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CLU-IN Studio
United States Environmental Protection Agency
Collaborative Research on Environmental Toxicants in Rapidly Developing Settlements of the U.S.-Mexico Border
Sponsored by: National Institutes of Health, National Institute of Environmental Health Sciences, Superfund Basic Research Program
Original Time/Date of Presentation:

September 16, 2009, 2:00 PM - 3:00 PM, EDT (18:00-19:00 GMT)

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Presentation Overview:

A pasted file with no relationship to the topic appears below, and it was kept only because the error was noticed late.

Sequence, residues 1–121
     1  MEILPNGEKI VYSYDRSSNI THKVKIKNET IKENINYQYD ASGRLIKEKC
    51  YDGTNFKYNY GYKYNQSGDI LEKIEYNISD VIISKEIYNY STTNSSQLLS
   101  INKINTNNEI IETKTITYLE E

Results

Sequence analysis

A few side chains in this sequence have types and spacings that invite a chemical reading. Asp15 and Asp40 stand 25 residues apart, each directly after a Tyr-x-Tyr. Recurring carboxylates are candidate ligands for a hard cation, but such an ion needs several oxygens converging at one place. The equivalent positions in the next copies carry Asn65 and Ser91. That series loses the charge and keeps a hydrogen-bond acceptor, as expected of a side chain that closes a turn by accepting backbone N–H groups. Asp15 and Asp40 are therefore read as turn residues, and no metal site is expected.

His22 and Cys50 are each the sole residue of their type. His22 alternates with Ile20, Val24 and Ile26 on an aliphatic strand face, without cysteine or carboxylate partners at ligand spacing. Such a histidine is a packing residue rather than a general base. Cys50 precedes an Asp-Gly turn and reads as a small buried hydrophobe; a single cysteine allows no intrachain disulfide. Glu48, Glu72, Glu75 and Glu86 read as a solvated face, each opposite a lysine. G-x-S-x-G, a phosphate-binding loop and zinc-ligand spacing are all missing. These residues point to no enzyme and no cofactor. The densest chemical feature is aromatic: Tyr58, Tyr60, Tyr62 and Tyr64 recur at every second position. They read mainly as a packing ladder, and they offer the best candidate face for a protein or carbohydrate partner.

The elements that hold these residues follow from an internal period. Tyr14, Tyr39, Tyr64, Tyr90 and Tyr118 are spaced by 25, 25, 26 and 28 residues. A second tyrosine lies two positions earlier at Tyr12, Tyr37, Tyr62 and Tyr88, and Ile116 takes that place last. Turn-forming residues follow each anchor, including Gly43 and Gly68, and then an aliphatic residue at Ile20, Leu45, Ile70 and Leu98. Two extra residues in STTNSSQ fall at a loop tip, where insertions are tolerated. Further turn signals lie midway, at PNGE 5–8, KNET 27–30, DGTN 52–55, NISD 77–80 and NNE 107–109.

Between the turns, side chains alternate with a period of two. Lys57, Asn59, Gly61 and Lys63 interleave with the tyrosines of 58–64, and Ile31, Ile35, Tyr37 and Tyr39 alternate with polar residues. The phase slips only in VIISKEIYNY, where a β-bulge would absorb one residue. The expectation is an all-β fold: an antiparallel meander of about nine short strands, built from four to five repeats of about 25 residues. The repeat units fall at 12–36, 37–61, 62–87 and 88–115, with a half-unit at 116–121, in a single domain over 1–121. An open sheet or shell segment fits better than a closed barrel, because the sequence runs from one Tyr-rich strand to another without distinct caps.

This project aims to improve environmental public health in the San Diego-Tijuana city-region. The objective is twofold: (1) develop new watershed-based strategies/models that can help the National Institute of Environmental Health Sciences (NIEHS) address Global Environmental Health (GEH), and (2) share the science and technology contributions of UCSD's Superfund Basic Research Program (SBRP) with urban-regional planning scholars, educators and professionals who are struggling to better understand how problems of the built environment, land use and pollution impact environmental public health. The geographic unit of analysis is Los Laureles Canyon-a representative sub-basin of the Tijuana River Watershed spanning the US-Mexico border. More than 80,000 people live in the colonias of Los Laureles Canyon on the Mexican side of the border. Colonias are large irregular human settlements that lack many basic urban services. Accelerated population growth in Los Laureles Canyon has led to chronic problems of sediment, trash and hazardous waste flows into the U.S. coming from Mexico. The inadequate management of sewage, hazardous substances and solid wastes poses chronic risks of exposure to pathogens and environmental toxicants to communities on both sides of the border. Two specific questions motivate this effort: (1) What is the degree of contamination by Superfund toxicants (PAHs, PCBs and Dioxins and heavy metals) in the soils and sediments of Los Laureles Canyon? and (2) What factors can be used to predict the spatial distribution of contaminants at the sub-watershed and watershed scale? The collection and analysis of these data will help us understand what natural, built environment and human activity factors along the Mexican side of the Tijuana River Watershed contribute to presence/distribution of Superfund chemicals in soil and sediments. In turn, this effort will help identify and prioritize ecological and human health risks in the City of Tijuana and in the binational Tijuana River Watershed, while informing the selection of strategies to reduce or eliminate present and future exposure(s) to Superfund chemicals on both sides of the border. This effort is enabling us to: 1) work with binational stakeholders in an unprecedented crossborder data collection effort focused on Superfund toxicants, 2) relate the environmental health sciences to urban planning and the multiple stressors and risk factors facing fast-growing low income human settlements along the U.S.-Mexico border, and 3) improve our capacity for science communication.

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